By Nathan Ham
In a message from Appalachian State Chancellor Dr. Sheri Everts on Monday afternoon, it appears that Appalachian State will continue to offer in-person classes for the time being.
UNC-Chapel Hill made the decision to discontinue classroom sessions and return to an entirely online learning format, becoming the first school in the UNC System to made the switch back to online classes only.
“The decision to adapt operations applies to UNC-Chapel Hill only because no other UNC System institution has reported information, at this time, that would lead to similar modifications,” said UNC System President, Peter Hans, in a statement. “All students must continue to wear facial coverings and practice social distancing as part of their personal responsibility, particularly in off-campus settings. Taking personal responsibility and enforcing community standards are essential for the success of this semester and for protecting public health. Each campus is different, and I expect situations to evolve differently. In any circumstance, we will be grounded by reliable public health data and prevailing local health conditions. I will continue to stay in close contact with our chancellors and fully support their efforts to fulfill our core educational mission in safe learning environments.”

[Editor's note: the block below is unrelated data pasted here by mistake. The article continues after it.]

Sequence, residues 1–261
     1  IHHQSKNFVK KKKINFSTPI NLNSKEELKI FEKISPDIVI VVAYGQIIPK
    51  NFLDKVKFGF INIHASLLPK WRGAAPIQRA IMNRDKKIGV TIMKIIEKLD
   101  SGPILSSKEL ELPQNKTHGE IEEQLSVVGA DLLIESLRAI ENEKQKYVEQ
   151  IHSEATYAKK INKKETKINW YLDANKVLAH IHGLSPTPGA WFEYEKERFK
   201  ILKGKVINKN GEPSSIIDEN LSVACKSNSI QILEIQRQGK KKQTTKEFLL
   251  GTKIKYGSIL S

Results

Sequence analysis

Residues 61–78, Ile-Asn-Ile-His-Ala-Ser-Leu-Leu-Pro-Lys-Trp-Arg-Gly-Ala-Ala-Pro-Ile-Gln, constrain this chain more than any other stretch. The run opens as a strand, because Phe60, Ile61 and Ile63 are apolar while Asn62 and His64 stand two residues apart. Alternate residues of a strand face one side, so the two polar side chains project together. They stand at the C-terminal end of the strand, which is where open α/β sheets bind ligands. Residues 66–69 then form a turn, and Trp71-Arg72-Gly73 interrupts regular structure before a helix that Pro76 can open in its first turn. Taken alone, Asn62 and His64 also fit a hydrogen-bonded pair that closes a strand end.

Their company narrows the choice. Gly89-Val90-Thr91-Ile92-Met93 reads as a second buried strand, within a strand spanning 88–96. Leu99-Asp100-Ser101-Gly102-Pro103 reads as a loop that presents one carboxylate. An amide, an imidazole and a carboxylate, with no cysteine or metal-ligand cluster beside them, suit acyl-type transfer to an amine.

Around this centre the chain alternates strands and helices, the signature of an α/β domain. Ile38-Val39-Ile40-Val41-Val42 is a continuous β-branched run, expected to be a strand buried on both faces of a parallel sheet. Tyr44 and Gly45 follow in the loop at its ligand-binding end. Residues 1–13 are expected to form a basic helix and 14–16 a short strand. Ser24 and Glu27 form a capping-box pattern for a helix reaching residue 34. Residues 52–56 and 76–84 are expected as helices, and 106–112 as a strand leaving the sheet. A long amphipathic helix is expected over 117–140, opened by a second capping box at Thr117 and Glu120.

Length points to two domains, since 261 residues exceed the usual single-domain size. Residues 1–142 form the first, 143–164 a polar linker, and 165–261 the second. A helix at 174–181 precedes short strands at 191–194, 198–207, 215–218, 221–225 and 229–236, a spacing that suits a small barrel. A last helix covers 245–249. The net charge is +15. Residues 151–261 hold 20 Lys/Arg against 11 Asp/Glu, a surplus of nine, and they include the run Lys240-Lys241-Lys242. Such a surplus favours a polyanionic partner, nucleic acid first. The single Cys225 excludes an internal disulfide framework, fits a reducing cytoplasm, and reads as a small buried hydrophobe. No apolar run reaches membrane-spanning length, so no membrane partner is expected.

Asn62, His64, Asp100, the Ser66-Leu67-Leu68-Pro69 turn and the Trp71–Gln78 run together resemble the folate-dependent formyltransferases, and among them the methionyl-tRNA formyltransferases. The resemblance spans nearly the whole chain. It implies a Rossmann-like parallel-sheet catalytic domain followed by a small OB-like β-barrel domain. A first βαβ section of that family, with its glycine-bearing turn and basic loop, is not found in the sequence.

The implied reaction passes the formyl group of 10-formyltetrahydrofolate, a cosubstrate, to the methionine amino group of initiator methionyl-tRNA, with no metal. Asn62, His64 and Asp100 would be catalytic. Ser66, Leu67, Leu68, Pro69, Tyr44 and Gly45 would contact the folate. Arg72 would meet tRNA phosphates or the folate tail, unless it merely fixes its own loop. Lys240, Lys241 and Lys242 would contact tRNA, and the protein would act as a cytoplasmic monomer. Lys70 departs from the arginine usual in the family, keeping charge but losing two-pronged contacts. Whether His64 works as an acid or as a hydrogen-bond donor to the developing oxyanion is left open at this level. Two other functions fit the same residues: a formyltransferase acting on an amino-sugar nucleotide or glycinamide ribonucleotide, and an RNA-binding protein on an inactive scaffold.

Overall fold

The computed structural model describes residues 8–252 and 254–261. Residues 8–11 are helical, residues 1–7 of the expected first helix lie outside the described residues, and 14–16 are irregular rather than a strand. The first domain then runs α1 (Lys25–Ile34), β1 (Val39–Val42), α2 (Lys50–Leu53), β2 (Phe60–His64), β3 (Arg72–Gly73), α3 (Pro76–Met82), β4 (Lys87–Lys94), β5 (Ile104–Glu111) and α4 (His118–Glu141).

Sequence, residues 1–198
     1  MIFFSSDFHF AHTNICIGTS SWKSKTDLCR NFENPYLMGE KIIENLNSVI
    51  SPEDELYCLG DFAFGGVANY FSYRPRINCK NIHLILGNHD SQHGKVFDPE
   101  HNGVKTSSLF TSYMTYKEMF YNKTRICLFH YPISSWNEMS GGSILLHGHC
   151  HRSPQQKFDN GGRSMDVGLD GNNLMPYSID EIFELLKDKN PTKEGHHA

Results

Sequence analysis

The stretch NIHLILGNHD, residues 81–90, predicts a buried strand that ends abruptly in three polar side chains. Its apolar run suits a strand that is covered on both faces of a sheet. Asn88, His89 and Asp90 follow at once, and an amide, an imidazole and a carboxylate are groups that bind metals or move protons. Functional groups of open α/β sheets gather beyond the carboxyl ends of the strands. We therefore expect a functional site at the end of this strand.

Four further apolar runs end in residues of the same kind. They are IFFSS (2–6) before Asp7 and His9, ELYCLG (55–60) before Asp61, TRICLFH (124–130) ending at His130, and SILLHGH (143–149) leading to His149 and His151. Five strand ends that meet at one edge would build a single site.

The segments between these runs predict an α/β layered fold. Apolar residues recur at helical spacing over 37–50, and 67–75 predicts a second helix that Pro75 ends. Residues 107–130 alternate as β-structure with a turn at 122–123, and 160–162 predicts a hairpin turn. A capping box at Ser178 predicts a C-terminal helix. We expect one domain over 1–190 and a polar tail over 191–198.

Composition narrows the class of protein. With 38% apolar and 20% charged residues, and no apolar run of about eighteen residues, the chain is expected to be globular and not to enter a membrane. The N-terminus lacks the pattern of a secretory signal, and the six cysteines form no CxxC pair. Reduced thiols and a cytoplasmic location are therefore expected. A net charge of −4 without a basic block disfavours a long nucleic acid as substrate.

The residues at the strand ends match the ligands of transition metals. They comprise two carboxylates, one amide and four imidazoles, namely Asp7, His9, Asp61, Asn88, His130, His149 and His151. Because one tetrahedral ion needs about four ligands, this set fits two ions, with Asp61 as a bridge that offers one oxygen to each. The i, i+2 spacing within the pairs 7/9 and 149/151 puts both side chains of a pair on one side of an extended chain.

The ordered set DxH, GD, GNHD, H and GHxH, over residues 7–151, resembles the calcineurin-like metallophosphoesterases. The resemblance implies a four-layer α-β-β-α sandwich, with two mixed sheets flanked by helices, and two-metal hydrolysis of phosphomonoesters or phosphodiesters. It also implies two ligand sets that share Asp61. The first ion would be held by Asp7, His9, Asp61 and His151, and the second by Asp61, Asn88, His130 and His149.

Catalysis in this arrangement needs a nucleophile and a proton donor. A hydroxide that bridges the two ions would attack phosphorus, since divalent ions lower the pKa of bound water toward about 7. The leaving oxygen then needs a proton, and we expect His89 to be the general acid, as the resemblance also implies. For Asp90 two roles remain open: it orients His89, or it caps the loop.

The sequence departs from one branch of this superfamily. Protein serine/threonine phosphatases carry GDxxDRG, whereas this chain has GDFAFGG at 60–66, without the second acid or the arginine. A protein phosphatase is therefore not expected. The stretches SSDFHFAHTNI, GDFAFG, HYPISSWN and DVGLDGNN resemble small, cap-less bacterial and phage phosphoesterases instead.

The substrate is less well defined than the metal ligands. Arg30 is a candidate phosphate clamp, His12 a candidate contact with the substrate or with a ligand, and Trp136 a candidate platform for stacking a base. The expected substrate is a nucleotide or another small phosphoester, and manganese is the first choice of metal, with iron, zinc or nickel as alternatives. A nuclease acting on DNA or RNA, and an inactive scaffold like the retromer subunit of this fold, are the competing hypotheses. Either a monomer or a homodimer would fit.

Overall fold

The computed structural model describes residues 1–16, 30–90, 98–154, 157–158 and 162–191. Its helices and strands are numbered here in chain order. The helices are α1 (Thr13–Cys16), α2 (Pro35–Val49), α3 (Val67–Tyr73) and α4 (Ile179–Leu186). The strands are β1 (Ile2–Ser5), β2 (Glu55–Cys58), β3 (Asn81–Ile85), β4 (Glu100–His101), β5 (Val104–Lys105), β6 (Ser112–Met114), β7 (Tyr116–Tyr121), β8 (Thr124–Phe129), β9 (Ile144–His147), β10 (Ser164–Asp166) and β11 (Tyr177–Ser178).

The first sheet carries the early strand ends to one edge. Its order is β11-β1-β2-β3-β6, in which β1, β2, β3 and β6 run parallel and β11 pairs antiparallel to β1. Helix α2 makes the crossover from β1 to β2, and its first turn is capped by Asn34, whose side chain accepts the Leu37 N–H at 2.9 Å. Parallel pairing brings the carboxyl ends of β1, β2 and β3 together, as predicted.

As of Wednesday, Appalachian has 40 active cases among students and 9 active cases among employees.
“University staff meet with public health experts every weekday. We are closely monitoring the health of our community and our response to positive cases of COVID-19. In the coming days, we will add enhancements to our reporting dashboard so our university community will have access to additional public health information, including percentages of positive test results,” Dr. Everts said. “While there is no exact set of metrics that will determine when a UNC System campus may move to all-remote learning, we know that if we can keep the transmission of COVID-19 low, we will be able to stay on campus. If our campus conditions merit a change in plans or approach to instruction or on-campus living, we will communicate any changes as quickly as possible.”
Students remembering to social distance and avoid large gatherings off-campus have been a worry among Boone residents and other students who are trying their best to follow the guidelines. On August 14, the Delta Chi fraternity was placed under University Interim Suspension and National Cease and Desist Pending an Investigation for failure to follow the Joint Council Safety Statement in regards to off-campus gatherings. Another off-campus hangout, River Street Ale House, had to briefly close due to several employees having positive COVID-19 tests. The restaurant announced on Facebook that they are reopening today.